T Nation

What is Holy (Christian Versions)


It seems the longer I'm away from the faith I grew up in, the less I remember or the less I understand. One of these issues regards the "Holy". I envision this thread going the way of the other thread I started (What is a Christian) in which I get a varied of opinion and thoughts to chew on - so I'm not going to necessarily debate you on your responses (others might).

So, with that preamble out of the way, some questions:

  1. What does being holy mean?
  2. It's my understanding that we are not Holy, that we attain Holiness through Jesus Christ, and then we can get to heaven. What exactly does this mean though? Is it permanent? Do we attain it after death, only?

Now, I've been thinking about it and it seems to me that Jesus washes away our sins, making us 'clean' and I suppose presentable to God. The trouble with this is that it's a very materialistic view - it's like getting the dirt off of our bodies. I don't think this is what 'Holiness' is though.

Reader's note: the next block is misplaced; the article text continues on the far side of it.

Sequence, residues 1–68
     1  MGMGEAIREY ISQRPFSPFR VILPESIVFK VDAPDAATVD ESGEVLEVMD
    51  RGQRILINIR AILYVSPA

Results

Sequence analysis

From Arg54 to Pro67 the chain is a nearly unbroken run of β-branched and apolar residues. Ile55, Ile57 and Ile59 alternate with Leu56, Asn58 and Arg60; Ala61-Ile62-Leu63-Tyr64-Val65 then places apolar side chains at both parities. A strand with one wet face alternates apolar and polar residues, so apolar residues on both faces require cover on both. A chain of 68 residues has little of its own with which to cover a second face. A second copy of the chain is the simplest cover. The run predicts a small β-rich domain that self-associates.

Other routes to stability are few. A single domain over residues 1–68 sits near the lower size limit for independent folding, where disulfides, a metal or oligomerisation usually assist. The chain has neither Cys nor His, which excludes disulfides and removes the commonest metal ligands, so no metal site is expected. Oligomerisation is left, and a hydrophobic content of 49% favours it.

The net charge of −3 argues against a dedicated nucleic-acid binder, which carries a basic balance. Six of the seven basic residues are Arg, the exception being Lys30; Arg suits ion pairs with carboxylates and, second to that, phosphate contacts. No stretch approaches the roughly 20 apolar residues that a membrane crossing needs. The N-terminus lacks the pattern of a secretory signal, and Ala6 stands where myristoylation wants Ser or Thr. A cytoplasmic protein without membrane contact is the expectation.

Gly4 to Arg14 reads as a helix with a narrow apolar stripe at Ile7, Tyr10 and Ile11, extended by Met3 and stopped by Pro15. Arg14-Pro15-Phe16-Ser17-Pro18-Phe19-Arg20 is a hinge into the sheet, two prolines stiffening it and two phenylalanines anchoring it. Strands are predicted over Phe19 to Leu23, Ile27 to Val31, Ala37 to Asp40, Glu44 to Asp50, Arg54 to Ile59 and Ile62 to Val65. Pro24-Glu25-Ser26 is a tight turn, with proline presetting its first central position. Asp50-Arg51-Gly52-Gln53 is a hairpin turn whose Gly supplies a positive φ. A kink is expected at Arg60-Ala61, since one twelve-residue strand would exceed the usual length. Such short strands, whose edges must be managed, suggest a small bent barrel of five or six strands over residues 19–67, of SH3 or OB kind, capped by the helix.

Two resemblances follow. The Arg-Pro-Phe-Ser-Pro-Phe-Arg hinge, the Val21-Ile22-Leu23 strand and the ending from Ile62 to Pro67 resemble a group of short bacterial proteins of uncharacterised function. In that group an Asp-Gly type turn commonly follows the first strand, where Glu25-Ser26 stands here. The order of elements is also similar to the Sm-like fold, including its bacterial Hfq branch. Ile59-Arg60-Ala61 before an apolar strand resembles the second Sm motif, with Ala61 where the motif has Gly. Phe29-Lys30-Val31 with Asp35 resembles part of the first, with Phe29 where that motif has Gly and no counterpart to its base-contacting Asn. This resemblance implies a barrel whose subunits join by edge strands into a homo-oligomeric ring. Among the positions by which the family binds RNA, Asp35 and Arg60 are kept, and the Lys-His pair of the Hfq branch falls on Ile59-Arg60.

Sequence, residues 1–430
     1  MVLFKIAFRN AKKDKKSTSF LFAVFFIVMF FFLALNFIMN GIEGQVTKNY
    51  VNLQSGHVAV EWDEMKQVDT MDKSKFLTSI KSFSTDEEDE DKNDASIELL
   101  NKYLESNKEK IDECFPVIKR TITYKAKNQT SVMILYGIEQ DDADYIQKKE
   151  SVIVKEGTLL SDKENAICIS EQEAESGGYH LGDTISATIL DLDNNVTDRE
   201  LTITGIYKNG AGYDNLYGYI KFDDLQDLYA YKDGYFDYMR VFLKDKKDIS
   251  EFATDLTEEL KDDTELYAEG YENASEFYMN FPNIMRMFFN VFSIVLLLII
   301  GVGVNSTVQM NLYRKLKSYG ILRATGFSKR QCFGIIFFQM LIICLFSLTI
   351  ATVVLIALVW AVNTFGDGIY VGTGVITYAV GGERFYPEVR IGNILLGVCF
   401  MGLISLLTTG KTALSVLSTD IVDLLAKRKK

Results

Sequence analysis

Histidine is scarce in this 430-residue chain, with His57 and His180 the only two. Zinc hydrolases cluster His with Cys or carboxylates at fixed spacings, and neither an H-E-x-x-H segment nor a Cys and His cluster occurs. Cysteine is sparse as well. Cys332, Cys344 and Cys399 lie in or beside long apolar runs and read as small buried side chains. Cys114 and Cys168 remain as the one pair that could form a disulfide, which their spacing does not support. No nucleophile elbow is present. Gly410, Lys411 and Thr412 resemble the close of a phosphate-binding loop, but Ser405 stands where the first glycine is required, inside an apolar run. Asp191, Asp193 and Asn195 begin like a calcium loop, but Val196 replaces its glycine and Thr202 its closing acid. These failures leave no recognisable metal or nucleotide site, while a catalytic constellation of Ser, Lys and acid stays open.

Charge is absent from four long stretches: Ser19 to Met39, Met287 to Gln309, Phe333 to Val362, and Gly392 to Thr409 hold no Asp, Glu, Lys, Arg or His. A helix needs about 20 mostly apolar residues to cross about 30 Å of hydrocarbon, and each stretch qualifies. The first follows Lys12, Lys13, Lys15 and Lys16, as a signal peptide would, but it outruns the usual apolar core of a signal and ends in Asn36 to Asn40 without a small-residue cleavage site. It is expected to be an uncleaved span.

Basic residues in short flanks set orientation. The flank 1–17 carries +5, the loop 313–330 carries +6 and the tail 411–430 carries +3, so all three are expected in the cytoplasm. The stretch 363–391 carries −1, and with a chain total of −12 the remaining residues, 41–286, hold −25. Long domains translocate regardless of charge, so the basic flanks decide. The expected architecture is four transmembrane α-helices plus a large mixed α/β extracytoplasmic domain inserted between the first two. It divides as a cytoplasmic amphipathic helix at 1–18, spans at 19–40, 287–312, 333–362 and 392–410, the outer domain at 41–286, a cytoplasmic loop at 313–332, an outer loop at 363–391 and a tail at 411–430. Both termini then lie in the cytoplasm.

Holiness, to me, seems to refer to something in the mind. So what is it? Is it a barrier that prevents us from sinning again? Maybe 'barrier' is the wrong word - by barrier I suppose I mean something closer to desire.

Enough rambling from me, what say you?


In my understanding (and this is just my understanding) something that is Holy must come from or be filled with the Spirit of God. The Bible is Holy because is was inspired by God. A church can be Holy because it is filled with the Spirit of God.

Whether a person could be Holy or not would, I think, lead to a further debate. A church is an amoral place. It is not evil or good it is just a building. Using it for a place to worship God makes it Holy because we have called God's presence into it. A person through their sinful nature is immoral. They can be filled with the Holy Spirt of God but not truly attain Holiness until the time we receive are resurrected. At least that is my take on it.

Any other thoughts?


I like how your thinking about these things. Not enough people put this type of thought into it before simply walking away. There is no more important decision than that of where you'll spend eternity.